In this unusual time of the coronavirus pandemic, Linda Jones from our Theology team reflects on the signs of hope that can be found this Holy Week and Easter.
As Easter draws near, we may be finding things difficult. Perhaps the season of Lent this year has seemed more appropriate than ever – with its thoughtful, rather introspective feel. We may have been ill or seen people we love suffer. Perhaps we have struggled to find the food we need, or we may have felt isolated and alone.
And yet, like snowdrops in January, or daffodils in spring, we will have seen and experienced signs of hope. When I’ve been out for a short walk near home, I’ve been lucky enough to see the new-born lambs skipping about. In the village where I live, neighbours have been ringing each other before they go out shopping, offering to help with supplies. Others have been collecting prescriptions, volunteering locally, and phoning older relatives more often, just to say hello.
People I haven’t seen for ages have been messaging me, checking that I’m ok. A friend from Liberia has been in touch most days on Facebook, reminding me to stay safe and stay home. He has recent experience of the impact of the Ebola virus on his local community and was able to send tips on how to cope.
Learning a new way to be
I have found so many things to be grateful for, and I’ve been noticing many little acts of kindness that give me heart. But I’ve also noticed how anxious I can feel, and how fearful and worried I can be. I’m worrying about my elderly parents, those of my family who work in hospitals and care homes, and I am worrying more often than usual about my own health. I’m afraid for all the communities where CAFOD works around the world, where healthcare is limited and poverty forces people to go out to work and find food.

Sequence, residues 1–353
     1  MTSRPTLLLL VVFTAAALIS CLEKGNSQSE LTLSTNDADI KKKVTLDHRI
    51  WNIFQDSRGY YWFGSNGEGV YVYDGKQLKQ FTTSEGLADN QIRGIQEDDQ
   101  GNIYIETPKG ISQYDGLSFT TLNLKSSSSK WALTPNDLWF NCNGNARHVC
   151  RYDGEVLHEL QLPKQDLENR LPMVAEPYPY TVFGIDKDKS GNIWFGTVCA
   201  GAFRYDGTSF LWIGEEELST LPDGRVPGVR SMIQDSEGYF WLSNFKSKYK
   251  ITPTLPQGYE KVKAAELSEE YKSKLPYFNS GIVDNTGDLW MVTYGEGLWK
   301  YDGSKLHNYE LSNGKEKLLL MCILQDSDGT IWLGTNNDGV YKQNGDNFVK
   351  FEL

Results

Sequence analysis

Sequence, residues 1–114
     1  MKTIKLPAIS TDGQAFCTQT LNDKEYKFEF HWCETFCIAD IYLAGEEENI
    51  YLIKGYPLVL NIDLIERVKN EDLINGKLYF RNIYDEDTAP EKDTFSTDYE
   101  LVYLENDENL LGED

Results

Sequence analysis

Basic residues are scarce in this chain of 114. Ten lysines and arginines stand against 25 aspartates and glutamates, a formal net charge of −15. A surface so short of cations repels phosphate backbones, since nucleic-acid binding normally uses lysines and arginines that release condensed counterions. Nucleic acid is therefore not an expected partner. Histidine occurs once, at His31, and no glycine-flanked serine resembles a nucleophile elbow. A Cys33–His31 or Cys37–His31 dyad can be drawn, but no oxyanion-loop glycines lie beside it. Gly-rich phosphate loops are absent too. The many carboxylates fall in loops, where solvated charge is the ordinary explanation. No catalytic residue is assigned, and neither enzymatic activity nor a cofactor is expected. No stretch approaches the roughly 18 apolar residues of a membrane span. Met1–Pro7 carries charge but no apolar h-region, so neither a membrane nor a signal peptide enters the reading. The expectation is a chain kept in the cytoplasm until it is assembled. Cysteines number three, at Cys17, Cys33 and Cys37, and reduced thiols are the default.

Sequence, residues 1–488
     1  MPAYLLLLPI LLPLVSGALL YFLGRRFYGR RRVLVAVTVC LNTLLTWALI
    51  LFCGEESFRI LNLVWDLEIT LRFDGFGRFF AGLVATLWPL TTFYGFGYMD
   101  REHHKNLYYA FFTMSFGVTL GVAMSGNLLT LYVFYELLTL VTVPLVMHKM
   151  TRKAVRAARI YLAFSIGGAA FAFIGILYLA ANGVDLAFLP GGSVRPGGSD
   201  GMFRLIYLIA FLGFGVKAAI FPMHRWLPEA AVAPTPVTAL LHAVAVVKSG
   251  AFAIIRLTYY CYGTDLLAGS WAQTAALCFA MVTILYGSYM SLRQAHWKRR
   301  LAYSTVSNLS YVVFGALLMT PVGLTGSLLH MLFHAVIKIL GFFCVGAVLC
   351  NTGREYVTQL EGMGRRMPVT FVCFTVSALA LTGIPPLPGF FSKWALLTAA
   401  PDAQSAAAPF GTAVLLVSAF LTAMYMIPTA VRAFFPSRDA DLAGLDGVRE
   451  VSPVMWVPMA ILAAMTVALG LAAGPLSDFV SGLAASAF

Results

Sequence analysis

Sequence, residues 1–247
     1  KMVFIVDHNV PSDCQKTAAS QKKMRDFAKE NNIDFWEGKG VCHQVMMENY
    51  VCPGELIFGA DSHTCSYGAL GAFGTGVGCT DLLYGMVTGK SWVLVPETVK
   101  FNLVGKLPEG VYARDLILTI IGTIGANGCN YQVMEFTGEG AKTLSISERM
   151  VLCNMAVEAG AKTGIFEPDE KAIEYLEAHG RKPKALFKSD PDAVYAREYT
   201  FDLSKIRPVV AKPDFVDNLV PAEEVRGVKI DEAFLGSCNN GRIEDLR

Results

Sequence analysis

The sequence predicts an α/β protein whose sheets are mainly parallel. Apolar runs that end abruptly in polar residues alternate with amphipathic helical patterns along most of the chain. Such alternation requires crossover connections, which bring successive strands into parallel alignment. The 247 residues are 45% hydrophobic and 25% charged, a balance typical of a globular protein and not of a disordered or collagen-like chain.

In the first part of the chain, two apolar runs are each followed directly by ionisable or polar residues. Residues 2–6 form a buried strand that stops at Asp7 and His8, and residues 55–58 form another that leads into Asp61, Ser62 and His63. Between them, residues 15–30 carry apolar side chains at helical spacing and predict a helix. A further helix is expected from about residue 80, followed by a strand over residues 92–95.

Normally, at times of crisis we would be able to go to Mass and pray alongside others. But now it is weeks since we have been able to go to church with our family, community and friends. I always like to go into church and light a candle for everyone I love, but now I have to do that at home. These simple routines that I have taken for granted have now changed. I must learn a new way to be with others and to pray with others.
God is not limited
What I’m finding useful is to remember that God is not limited to the boundaries of his house. And, essentially, neither are we! Physically we are not allowed to leave home, apart from very specific and necessary purposes. But spiritually we can wander free and be prepared to meet God wherever we may be.
As Cardinal Vincent Nichols said, “God is not limited by his sacraments.” Yes, the physical, bodily sense of participating in the Eucharist is not possible at the moment, but we can still make an act of spiritual communion. We are not lost. We are not separated from the love of God. We do not stop loving those we care about even if they move far away from us! Yes, we are physically distant, but there are no obstacles or boundaries that can stop love.
Reflecting this Holy Week and Easter
Even death cannot separate us from those we love. My brother died nearly 20 years ago and yet I know that he is not far away. Sometimes I sense his presence more often, sometimes not so much. During Holy Week we reflect on death. At the moment, perhaps our own death, or the death of someone we love, is on our minds more than it normally would be. Jesus died on the cross, in pain, thirsty, feeling abandoned.
And yet. Jesus rose from the dead. Death is not the end. There is life. At Easter the shoots of the spring plants are appearing. Tiny signs of hope are showing in our community, in our Church, in our life. Now is the time to water those seeds.
It is clear that in the coming months, the communities around the world that you are supporting through your prayer and your gifts, will be experiencing extreme hardship because of the spread of coronavirus. Please continue to keep them in your prayers, as they keep you in theirs.
And always remember the great song of Alleluia, that has been quietened during Lent but which breaks out, unbounded at Easter.
Even though we are physically apart, we can still sing out together. The stone will be rolled back, and the darkness banished. We will acclaim: “Christ is Risen! Alleluia!”